13 year cicadas and mast years in trees

Fellow gardeners in Arlington have recently noticed the exoskeletons of what one person described as an “insect monster,” a large dead cicada. It has sparked a discussion about why we are seeing so many cicadas this year.

Our normal crop of annual cicadas have been joined by another less common group of periodic cicadas. These periodic cicadas have long incubation periods in unusual yearly increments. The  13 and 17 year cicadas emerge in different parts of the country on those unusual yearly increments. That breeding cycle is a marvel of evolutionary biology. Both numbers are prime numbers, not divisible by any other number. Most other creatures, plant and animal, operate on more regular cycles, annually or biennially. The cicadas long incubation period based on the prime numbers means that no predator can hang around waiting for an annual feast as predators need regular food sources. The unusual breeding cycle means there is no other creature that is dependent on them as a food source. Birds and mammals will eat them when they arise from the ground but the great numbers of cicadas arriving en masse means that many will survive and breed again despite predation.

The advantage of reproducing in great bursts is also seen in the plant world with mast years among trees. In a mast year, more than enough fruits and nuts are produced to feed the local wildlife yet allow enough other seeds to germinate and take root. The year after a mast year, reproduction rates among consumers (like squirrels and raccoons) booms, as they have full bellies and are healthy. When food production falls in the years after masting, the now large animal population faces a food crisis and they die in large numbers. A few years of environmental balance follow. When a mast year returns, the consuming population has again fallen to a level that allows some seeds to germinate.

Since trees in an area are often genetically related and climate plays a big role in when mast years happen, tress sharing a mast cycle can cover large stretches of land. If you think back to the years when there have been a lot of road-kill squirrels, it was probably after a mast year, as the expanded squirrel population ventures further and to more dangerous places in search of food.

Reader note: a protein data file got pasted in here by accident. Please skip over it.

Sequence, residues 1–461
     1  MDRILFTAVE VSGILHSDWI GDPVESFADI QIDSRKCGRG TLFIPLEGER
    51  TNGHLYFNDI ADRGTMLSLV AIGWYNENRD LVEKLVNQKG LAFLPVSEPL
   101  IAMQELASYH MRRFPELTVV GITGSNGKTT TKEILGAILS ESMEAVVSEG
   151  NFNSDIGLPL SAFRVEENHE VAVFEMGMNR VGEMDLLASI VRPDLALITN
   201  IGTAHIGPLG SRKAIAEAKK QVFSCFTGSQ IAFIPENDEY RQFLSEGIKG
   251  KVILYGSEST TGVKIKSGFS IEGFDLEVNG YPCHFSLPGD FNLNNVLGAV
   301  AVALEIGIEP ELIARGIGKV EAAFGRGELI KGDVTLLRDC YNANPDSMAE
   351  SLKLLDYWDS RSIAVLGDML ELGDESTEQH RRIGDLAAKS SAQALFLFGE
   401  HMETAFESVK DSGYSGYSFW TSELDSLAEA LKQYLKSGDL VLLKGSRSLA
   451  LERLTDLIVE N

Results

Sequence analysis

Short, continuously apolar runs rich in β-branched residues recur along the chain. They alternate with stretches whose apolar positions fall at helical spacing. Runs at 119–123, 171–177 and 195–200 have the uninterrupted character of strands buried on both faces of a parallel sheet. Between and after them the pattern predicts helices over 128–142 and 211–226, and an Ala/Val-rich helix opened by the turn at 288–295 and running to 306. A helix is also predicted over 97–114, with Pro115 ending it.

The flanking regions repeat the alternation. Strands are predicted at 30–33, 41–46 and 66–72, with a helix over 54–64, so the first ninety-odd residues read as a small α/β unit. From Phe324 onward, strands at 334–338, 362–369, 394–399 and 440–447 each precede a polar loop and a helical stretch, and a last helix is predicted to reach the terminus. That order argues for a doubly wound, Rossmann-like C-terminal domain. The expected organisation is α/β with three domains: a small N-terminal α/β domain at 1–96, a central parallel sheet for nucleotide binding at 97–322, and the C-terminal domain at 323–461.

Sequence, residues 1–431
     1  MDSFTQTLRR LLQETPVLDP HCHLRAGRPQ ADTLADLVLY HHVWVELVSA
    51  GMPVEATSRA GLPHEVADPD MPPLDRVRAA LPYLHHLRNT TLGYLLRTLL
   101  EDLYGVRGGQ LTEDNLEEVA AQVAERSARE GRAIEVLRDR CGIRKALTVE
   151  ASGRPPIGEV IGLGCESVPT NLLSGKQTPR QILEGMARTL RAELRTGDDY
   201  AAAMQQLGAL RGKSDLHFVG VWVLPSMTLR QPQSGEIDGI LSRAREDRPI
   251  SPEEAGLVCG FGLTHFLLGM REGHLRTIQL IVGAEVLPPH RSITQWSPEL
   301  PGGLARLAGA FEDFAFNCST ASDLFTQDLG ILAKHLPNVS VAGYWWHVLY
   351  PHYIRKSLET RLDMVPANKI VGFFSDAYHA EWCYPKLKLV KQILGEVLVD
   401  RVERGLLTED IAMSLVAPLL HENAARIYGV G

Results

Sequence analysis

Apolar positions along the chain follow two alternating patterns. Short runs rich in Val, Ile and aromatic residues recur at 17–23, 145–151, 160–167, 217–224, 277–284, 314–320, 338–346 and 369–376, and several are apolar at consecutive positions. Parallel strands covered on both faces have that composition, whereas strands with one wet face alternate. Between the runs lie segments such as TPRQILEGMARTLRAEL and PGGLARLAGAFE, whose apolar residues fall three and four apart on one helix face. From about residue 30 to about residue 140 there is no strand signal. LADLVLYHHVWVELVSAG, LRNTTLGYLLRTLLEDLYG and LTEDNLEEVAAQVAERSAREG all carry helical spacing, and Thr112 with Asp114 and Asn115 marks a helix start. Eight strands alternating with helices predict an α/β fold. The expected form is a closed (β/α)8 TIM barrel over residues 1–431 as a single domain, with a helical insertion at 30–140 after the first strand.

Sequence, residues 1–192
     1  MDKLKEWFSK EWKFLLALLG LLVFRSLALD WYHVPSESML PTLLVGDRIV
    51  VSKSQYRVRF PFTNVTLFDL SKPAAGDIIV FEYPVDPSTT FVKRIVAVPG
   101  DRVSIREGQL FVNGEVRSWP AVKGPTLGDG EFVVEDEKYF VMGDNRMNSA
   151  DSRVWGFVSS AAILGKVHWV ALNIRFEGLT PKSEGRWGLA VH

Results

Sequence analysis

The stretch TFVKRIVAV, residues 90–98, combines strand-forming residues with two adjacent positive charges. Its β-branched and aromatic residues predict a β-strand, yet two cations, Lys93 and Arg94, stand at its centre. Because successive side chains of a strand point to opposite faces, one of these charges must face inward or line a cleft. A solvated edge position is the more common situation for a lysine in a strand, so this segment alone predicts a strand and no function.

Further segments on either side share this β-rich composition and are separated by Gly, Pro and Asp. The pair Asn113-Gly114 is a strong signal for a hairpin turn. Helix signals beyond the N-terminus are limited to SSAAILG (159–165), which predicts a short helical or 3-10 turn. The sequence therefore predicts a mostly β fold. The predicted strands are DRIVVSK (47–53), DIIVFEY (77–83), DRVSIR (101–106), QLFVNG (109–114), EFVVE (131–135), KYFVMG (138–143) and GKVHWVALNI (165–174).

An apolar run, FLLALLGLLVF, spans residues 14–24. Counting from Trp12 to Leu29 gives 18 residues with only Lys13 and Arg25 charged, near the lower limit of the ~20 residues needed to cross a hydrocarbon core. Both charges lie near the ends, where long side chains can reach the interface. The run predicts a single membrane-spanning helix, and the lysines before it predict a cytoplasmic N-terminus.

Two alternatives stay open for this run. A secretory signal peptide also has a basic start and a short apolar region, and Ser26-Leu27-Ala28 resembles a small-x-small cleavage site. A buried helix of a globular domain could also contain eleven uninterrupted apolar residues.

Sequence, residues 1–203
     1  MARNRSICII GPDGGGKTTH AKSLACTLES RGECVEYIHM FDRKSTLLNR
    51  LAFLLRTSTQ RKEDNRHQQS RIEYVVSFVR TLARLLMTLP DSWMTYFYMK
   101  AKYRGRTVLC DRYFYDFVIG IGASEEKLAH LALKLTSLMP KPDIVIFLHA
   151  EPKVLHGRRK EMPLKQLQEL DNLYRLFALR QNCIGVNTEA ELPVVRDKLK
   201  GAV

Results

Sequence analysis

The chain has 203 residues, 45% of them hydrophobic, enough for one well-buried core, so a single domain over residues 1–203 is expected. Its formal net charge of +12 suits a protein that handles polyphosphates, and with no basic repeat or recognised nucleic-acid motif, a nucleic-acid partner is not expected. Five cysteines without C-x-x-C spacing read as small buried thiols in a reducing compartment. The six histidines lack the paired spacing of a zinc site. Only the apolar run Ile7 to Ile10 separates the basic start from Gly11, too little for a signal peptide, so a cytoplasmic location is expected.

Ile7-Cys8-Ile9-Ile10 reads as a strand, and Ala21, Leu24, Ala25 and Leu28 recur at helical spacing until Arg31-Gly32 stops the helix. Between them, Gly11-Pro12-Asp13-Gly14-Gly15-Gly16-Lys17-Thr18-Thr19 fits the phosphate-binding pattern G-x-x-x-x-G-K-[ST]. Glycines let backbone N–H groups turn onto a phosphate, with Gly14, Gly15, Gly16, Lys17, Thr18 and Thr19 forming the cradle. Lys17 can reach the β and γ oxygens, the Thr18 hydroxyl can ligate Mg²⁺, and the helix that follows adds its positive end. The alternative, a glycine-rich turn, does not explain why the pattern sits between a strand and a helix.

Mast years do not alternate annually with low production years, usually taking a few years between peak production years instead. That gives them an advantage against an animal population that might otherwise also have evolved to a biennial reproductive cycle. So it seems that prime numbers and long reproductive cycles are keys to the reproductive success of some plants and critters like cicadas.

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About Jim Marzilli

Jim Marzilli combines expertise in economic, energy and environmental policy with a deep understanding of public policy and politics. He has strong political campaign, organizing, networking, media and communication skills. He played a unique role for eighteen years as an elected official in state government, working nationally and internationally with sub-national and national governments, NGOs and businesses. He left state government in 2008 and went to Iraq to work on a democracy building program. He spent the winters of 2013 and 2014 working in Burma/Myanmar with people who are trying to expand democracy in their country.
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One Response to 13 year cicadas and mast years in trees

  1. David Gillman says:

    I didn’t notice more cicadas this year, but I noticed dirt mounds in my garden. There were one-inch holes into the mounds, so I thought small mammals were moving in. But then I saw a huge wasp hauling a dead cicada into one of the holes. Wikipedia told me that was a cicada-killing wasp (of all things). I guess the 13-year cycle doesn’t foil the cicada-killing wasp, which is able to rapidly deploy to the scene of greater numbers of cicadas.

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